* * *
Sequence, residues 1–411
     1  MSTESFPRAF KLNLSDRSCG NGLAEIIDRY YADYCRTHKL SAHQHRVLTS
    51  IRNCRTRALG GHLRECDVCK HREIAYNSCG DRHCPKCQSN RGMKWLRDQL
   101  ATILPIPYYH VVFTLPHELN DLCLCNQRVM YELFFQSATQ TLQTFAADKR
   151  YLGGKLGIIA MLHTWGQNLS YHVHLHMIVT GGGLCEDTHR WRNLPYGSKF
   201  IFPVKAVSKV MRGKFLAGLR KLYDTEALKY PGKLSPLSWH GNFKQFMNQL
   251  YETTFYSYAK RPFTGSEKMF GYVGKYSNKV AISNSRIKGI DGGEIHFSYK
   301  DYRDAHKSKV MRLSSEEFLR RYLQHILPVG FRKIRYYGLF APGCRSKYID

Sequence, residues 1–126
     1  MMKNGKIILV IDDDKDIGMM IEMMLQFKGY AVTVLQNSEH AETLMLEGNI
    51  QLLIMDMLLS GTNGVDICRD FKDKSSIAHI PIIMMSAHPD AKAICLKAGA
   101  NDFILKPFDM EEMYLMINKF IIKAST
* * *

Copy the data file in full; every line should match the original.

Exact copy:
Sequence, residues 1–411
     1  MSTESFPRAF KLNLSDRSCG NGLAEIIDRY YADYCRTHKL SAHQHRVLTS
    51  IRNCRTRALG GHLRECDVCK HREIAYNSCG DRHCPKCQSN RGMKWLRDQL
   101  ATILPIPYYH VVFTLPHELN DLCLCNQRVM YELFFQSATQ TLQTFAADKR
   151  YLGGKLGIIA MLHTWGQNLS YHVHLHMIVT GGGLCEDTHR WRNLPYGSKF
   201  IFPVKAVSKV MRGKFLAGLR KLYDTEALKY PGKLSPLSWH GNFKQFMNQL
   251  YETTFYSYAK RPFTGSEKMF GYVGKYSNKV AISNSRIKGI DGGEIHFSYK
   301  DYRDAHKSKV MRLSSEEFLR RYLQHILPVG FRKIRYYGLF APGCRSKYID

Sequence, residues 1–126
     1  MMKNGKIILV IDDDKDIGMM IEMMLQFKGY AVTVLQNSEH AETLMLEGNI
    51  QLLIMDMLLS GTNGVDICRD FKDKSSIAHI PIIMMSAHPD AKAICLKAGA
   101  NDFILKPFDM EEMYLMINKF IIKAST